Afghanistan’s security crisis and implications

While the overall levels of conflict may have decreased significantly, Afghanistan is in the midst of an economic, political, and humanitarian crisis. Along with the lack of an inclusive government, the Afghan economy has shrunk by at least  40 percent since the United States withdrew its forces in August 2021. The country is experiencing one of the worst food insecurity and malnutrition crises globally with approximately 22.8 million people projected to be impacted and about 97 percent of the population living in poverty. 

In addition, not only are the fundamental rights and freedoms of Afghan women and minorities continuing to be curtailed, but Afghanistan is also an increasingly safe haven for terrorist groups–which has been a major concern for neighboring countries in the region. According to a January 2022 United Nations Security Council assessment, such groups today enjoy greater freedom in Afghanistan than at any time in recent history.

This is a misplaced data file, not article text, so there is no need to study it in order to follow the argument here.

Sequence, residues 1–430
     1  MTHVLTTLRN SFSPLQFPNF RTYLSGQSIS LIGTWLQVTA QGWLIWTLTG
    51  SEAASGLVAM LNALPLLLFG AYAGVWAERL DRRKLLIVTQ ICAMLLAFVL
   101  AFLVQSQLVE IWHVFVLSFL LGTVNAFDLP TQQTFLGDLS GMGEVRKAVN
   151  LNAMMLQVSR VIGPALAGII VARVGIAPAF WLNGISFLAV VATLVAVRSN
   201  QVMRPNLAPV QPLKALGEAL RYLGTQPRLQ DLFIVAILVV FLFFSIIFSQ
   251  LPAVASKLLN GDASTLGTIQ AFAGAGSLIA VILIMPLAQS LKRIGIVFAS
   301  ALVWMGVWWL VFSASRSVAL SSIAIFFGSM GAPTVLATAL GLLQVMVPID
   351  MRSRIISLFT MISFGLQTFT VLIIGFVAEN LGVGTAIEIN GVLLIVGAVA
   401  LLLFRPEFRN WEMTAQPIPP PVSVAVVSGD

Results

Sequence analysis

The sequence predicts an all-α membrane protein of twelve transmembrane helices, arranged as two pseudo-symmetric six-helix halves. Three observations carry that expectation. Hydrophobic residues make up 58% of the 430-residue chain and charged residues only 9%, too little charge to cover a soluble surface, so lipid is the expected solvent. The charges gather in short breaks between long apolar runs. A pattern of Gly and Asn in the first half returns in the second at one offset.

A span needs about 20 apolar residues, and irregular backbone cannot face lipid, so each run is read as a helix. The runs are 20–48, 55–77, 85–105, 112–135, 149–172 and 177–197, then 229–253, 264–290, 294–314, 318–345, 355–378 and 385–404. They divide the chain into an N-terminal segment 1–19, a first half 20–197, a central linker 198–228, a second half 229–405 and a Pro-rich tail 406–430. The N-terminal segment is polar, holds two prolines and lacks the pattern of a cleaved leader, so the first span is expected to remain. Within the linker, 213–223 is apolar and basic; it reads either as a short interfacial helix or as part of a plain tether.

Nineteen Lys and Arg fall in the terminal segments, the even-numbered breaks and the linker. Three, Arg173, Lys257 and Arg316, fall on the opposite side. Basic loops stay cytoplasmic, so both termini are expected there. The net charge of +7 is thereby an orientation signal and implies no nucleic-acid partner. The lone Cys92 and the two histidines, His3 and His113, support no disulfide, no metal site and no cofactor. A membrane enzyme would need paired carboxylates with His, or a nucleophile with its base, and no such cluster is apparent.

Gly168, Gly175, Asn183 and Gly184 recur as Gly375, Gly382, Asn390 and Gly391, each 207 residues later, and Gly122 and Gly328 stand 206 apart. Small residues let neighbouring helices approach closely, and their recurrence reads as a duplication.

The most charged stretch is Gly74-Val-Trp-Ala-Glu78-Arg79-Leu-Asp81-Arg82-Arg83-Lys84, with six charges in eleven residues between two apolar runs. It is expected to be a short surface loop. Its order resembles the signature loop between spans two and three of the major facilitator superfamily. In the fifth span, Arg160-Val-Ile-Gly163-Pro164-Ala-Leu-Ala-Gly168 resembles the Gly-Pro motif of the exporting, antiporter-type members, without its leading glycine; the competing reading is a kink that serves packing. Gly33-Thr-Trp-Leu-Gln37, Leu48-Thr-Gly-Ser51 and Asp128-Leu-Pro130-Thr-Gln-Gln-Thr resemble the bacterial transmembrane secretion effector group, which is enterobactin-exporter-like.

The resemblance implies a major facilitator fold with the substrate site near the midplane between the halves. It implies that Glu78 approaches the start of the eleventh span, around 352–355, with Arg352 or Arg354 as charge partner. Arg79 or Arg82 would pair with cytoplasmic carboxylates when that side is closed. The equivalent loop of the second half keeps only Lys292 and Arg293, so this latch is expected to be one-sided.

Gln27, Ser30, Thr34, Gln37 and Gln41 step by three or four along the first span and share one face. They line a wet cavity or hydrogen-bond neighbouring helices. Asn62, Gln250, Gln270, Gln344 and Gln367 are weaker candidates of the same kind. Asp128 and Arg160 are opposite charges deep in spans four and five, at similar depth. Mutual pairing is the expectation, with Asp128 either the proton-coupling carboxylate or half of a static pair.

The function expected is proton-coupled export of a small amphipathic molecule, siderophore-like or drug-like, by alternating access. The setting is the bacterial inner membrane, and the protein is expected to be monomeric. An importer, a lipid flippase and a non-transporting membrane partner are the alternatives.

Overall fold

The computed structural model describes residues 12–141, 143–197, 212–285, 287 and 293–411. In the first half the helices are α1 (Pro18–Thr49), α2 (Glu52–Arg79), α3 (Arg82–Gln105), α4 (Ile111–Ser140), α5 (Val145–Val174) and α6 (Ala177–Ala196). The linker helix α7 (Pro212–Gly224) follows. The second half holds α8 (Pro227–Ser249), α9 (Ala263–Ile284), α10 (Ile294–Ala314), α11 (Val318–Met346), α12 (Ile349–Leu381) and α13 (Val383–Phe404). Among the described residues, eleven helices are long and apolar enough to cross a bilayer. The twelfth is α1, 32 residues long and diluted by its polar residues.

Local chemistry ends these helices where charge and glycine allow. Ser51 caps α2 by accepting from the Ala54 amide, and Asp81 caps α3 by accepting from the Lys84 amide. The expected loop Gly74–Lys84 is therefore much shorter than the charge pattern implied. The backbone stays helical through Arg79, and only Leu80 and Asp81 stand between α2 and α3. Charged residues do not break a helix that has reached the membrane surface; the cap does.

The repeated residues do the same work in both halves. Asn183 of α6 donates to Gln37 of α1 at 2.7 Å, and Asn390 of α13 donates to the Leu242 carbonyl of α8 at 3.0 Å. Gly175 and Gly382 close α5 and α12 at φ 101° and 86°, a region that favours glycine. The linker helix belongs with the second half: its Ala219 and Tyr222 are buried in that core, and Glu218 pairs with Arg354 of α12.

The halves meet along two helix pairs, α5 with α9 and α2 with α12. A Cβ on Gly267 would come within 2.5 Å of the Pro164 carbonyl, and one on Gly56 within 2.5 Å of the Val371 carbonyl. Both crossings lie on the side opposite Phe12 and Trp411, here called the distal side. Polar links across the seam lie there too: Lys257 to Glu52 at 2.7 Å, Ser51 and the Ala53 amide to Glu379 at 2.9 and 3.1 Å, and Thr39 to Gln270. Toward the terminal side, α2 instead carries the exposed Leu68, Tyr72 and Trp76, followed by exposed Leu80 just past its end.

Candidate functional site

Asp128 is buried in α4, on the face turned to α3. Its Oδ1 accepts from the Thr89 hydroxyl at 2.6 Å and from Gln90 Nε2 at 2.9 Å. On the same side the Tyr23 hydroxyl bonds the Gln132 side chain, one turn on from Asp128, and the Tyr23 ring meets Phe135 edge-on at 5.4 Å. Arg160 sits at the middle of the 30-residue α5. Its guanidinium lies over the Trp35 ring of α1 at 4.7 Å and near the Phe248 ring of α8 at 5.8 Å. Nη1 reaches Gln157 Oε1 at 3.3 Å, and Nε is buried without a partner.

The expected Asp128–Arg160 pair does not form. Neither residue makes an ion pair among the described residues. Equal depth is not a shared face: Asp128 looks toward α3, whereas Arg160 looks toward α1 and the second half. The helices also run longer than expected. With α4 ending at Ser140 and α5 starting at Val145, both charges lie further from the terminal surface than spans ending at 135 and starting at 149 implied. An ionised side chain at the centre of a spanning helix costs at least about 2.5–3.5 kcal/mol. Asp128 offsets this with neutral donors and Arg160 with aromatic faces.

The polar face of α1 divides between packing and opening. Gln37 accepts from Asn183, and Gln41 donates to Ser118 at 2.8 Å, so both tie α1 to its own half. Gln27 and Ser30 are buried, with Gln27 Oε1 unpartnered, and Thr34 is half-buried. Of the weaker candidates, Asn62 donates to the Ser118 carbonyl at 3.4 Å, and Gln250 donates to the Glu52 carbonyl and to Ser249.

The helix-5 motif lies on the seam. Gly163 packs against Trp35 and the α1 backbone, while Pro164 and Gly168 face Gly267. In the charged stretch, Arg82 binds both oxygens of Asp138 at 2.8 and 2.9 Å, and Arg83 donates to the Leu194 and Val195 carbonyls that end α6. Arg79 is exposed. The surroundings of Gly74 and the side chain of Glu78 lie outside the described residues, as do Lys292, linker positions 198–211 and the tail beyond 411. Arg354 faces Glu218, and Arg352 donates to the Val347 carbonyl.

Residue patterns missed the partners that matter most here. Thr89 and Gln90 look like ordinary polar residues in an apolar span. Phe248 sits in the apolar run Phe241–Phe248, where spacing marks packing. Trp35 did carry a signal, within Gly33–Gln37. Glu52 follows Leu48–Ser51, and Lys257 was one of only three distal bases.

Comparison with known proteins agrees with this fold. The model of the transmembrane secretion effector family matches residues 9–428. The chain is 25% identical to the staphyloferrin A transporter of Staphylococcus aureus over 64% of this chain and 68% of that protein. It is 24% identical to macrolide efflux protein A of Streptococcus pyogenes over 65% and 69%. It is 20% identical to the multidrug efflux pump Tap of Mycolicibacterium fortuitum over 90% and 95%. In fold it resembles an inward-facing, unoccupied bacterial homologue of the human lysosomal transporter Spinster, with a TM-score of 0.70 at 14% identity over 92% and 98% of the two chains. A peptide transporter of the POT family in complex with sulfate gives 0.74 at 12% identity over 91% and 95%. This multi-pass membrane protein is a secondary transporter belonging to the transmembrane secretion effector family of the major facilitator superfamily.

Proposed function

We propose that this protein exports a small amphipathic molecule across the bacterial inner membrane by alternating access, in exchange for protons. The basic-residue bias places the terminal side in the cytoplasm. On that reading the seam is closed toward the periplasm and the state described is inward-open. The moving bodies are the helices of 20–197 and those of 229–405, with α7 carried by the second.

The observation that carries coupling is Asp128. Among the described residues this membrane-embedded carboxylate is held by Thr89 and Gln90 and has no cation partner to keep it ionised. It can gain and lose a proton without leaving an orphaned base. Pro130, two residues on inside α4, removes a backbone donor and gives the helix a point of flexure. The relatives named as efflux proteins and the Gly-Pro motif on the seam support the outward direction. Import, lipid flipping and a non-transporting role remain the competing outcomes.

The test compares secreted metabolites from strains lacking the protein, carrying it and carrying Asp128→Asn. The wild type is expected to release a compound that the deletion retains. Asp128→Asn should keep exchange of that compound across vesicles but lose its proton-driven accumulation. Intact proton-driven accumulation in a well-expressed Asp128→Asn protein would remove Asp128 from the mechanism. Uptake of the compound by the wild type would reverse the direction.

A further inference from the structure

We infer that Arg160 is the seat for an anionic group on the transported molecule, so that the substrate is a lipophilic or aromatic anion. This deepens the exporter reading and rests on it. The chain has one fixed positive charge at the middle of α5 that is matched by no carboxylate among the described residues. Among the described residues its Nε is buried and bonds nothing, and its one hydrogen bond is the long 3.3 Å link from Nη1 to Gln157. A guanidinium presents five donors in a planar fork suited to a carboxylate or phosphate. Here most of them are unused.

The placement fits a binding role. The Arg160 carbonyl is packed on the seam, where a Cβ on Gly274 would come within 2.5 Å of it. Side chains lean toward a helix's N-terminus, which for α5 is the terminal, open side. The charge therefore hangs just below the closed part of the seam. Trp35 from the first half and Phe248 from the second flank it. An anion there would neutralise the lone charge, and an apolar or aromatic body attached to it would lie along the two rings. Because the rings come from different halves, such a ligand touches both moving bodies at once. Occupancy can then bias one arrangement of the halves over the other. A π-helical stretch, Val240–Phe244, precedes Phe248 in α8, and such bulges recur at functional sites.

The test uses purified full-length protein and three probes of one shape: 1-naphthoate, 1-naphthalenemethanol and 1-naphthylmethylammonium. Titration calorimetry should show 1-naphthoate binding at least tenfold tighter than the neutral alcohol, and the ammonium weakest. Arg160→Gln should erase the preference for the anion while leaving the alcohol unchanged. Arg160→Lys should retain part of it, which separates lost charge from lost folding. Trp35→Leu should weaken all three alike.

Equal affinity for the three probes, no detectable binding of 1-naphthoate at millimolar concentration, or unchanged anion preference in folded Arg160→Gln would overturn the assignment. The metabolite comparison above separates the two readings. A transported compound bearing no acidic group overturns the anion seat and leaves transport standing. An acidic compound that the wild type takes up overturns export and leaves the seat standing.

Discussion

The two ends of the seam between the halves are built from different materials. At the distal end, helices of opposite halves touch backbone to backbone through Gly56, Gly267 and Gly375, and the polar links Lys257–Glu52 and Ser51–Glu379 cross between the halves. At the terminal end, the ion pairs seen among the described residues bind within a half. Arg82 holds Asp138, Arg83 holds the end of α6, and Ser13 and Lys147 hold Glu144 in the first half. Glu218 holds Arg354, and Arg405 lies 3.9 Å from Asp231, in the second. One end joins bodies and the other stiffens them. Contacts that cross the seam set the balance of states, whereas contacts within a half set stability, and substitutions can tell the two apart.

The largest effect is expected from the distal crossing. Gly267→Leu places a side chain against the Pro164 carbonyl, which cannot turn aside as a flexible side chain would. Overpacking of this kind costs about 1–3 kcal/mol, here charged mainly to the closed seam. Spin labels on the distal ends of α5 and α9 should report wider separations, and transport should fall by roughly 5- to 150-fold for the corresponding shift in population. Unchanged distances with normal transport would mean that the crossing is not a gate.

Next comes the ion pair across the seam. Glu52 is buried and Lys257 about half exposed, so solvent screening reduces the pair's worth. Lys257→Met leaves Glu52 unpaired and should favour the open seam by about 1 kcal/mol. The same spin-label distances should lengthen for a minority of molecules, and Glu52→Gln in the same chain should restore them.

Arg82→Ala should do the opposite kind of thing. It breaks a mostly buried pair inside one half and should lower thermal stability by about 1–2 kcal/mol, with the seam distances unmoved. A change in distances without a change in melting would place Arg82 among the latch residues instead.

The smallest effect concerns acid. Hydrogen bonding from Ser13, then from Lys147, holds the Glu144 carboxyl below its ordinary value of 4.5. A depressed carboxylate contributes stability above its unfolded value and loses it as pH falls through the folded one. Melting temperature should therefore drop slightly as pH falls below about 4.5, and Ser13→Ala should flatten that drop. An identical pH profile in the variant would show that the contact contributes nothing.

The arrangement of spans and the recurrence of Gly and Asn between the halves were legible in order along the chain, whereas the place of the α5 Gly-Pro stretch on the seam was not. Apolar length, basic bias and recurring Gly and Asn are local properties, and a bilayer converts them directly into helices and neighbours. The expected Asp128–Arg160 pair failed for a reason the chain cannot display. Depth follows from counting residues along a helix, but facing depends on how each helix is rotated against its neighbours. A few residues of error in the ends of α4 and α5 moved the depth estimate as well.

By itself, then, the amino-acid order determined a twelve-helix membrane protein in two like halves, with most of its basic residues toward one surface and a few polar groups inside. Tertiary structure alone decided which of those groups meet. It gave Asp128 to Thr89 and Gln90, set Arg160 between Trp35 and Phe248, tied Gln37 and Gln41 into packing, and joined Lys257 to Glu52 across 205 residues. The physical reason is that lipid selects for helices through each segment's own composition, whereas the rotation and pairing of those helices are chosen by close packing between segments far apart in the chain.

To explore these issues, the Atlantic Council’s South Asia Center brought together a panel of experts to discuss their implications for Afghanistan’s security. 

This panel was recorded on May 31, 2022.

Featuring

Dr. Nilofar Sakhi
Non-Resident Senior Fellow
Atlantic Council’s South Asia Center

Amb. Ronald Neumann
Former US Ambassador to Afghanistan

Tabish Forugh
Contributing Editor
Fair Observer

Annie Pforzheimer
Non-Resident Associate
Center for Strategic and International Studies

Moderated by

Hameed Hakimi
Non-Resident Senior Fellow
Atlantic Council’s South Asia Center

The South Asia Center serves as the Atlantic Council’s focal point for work on the region as well as relations between these countries, neighboring regions, Europe, and the United States.

Related Experts: Nilofar Sakhi and Hameed Hakimi

Image: A man stands in front of his shop, which sells birds, as he waits for customers in Kabul, Afghanistan, April 22, 2022. REUTERS/Ali Khara